Back to the main room and straight across was the kitchen. To the left of the kitchen was the library. The library was something to behold- chock a block full from floor to ceiling with rows of books on shelves made from boards and bricks and so cram packed that there were even stacks of books on the floor and in trunks and boxes yet to be unpacked. There were two small desks, one at the front of the library against the wall that led to the kitchen, and one at the back that held a lamp and a small statue of a young man whose cranium you could remove to expose his carved wooden brains. The statue, Francois told me as an aside, was made by Michelangelo.
Upstairs from the kitchen was Francois's bedroom, personal bathroom, and the way to get to the tower. You could get to his bedroom either by climbing the obvious wooden stairs in the kitchen, or by going through the secret passageway hidden behind the hutch. It was in the kitchen that we sat, had coffee, and talked.
Francois had recently gone through the break up of a long term relationship and a quadruple bypass surgery. He was afraid that if he were to have another heart attack it would be his last, and he would die alone on the floor with his dogs standing over him, unable to reach the phone to call for help. His proposition was that I would move in and cook suppers for him (following the guidelines provided by his doctors) and in exchange receive room and board. I thought about the library, about the marble lined bathroom, about the secret passageway behind the hutch. I looked over my cup of instant coffee at this old man with an angry purple scar stretched tight across his chest and the doorhandles of his knees pushing against the worn fabric of his trousers. He sat like a man defeated, he held his hands with fingers curled. I was nineteen and all of life was a grand adventure. I said yes.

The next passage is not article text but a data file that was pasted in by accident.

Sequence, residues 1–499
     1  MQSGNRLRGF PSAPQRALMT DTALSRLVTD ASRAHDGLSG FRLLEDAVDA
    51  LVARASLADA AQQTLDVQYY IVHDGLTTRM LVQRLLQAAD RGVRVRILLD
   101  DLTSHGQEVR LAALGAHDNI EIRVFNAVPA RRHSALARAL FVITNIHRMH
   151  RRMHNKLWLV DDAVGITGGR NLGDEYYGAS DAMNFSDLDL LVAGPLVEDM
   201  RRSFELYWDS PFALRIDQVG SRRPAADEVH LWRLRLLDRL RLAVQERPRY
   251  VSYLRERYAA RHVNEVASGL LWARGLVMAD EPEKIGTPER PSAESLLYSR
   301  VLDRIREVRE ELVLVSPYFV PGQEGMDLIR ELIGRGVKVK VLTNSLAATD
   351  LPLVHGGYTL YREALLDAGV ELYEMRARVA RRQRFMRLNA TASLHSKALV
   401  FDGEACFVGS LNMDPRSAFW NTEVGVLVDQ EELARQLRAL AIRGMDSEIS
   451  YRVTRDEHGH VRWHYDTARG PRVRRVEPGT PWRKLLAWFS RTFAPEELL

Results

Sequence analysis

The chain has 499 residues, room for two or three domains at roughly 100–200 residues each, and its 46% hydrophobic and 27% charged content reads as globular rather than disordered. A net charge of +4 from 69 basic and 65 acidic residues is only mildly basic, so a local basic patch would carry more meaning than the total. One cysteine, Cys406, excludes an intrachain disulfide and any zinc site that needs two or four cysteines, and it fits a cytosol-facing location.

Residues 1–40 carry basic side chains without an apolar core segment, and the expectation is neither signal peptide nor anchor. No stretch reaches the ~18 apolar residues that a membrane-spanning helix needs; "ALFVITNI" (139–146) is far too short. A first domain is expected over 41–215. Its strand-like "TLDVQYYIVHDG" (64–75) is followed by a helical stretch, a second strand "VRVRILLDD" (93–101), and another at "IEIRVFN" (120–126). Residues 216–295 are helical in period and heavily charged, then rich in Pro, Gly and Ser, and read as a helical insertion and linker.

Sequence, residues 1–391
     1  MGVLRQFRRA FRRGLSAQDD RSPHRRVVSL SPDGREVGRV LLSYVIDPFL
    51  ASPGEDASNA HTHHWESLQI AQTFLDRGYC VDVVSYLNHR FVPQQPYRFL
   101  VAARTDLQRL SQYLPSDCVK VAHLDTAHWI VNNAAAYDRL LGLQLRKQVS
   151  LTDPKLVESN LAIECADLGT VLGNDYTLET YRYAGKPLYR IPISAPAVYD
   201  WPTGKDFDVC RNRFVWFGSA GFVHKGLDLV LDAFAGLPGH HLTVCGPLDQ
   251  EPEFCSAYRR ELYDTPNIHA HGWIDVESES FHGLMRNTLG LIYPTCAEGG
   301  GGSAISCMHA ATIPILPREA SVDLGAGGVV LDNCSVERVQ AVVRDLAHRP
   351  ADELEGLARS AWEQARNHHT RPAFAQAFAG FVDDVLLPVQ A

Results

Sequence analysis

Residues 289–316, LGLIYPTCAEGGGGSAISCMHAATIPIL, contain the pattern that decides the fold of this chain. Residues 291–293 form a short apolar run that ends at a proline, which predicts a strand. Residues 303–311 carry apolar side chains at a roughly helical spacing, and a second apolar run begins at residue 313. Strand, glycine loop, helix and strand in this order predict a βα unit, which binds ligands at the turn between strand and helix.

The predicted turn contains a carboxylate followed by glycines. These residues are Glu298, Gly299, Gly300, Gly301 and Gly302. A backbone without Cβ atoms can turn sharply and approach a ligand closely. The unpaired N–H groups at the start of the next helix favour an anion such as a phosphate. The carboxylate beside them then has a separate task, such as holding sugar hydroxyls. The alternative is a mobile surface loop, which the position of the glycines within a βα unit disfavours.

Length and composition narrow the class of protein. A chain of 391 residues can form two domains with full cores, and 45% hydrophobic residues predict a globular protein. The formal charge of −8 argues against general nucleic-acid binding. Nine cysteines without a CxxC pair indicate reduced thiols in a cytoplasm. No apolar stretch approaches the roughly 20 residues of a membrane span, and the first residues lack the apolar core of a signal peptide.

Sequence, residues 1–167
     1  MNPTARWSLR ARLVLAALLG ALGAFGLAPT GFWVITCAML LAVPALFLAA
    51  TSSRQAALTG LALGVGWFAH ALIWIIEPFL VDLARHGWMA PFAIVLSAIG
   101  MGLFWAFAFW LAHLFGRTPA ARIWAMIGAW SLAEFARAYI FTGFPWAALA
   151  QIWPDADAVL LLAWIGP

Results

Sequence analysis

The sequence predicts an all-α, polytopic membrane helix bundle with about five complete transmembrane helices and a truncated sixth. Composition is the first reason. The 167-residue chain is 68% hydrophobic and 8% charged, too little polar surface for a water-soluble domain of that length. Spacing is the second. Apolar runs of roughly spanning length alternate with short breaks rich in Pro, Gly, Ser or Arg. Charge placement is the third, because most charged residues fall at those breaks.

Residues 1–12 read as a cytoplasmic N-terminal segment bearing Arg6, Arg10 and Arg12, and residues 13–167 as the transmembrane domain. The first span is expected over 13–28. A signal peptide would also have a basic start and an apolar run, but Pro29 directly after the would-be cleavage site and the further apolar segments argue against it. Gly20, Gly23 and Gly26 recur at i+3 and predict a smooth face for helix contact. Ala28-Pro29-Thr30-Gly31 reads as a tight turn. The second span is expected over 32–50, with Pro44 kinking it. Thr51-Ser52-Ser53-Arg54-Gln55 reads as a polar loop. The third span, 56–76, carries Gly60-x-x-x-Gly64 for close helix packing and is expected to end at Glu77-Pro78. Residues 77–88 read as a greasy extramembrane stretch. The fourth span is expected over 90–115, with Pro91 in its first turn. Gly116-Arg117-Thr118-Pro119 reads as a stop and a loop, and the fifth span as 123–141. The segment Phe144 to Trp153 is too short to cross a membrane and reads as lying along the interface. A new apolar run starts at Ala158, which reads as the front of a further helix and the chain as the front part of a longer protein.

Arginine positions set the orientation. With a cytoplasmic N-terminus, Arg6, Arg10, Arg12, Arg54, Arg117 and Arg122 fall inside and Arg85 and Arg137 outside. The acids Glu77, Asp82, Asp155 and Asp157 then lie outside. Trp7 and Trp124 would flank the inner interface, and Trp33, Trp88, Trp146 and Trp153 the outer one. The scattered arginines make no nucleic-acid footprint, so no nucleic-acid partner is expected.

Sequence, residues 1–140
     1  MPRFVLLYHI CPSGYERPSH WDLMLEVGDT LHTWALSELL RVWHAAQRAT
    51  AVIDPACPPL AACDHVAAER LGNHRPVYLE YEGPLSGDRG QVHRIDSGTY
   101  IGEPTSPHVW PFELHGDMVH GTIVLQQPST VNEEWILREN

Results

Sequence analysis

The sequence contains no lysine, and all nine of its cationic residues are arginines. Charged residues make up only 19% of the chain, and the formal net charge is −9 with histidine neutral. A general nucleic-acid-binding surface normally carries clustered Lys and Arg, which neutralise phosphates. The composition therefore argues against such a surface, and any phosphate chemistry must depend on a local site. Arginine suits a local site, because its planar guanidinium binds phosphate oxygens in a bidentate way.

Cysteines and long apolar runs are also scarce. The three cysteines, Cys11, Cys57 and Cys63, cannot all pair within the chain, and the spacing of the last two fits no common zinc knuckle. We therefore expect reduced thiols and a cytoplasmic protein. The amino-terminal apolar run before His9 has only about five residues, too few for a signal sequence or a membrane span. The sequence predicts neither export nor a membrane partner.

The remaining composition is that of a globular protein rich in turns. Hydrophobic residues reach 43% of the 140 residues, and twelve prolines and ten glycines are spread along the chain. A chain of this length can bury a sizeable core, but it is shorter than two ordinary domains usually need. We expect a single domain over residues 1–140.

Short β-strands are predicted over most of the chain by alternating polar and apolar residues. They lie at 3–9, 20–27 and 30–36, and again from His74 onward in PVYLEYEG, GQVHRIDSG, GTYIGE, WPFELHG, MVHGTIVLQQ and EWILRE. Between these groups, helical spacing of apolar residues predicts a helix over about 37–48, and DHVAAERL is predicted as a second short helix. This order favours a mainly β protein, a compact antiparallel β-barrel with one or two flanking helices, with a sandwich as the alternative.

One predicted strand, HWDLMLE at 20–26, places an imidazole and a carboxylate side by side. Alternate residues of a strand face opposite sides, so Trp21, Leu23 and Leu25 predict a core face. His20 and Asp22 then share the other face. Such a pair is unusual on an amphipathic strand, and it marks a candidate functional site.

18 comments:

downtown guy said...

I love this story.

Ms. Moon said...

I love this story, too.

Mwa said...

Me, too. Will there be a follow-up?

Allegra Smith said...

Of course you said yes, what else could you have said? Intelligent, passionate women - or at that age a woman in the making - would have seen the little bits of wonderment that hold together the weave of life and like Penelope but for different reasons, knew too that they will come handy when knitting her own story.
So, keep going. I am waiting.

Mary said...

Really you are wonderful... You take a story and breathe humanity and awareness into it.

So writerly and such a joy to read!

Glimmer said...

Oh yes, she is definitely writing more about living with Francois Bucher. Because she promised with that little "pt 1." I am so in.

Also, I'd like to put in my order for some of your distinctive true Esquire-in-the-good-old-days writing about taking off in that truck.

May said...

DTG and Ms. Mama Moon- thank you. I wonder how long the story will go on before people realize there's really no point to it. hmmm.

Mwa- Done and done. We'll see how far this goes.

Allegra- Isn't it funny how you never know when you are living a thing what will haunt you and what will drift away? "the little bits of wonderment that hold together the weave of life.." so well put and so true.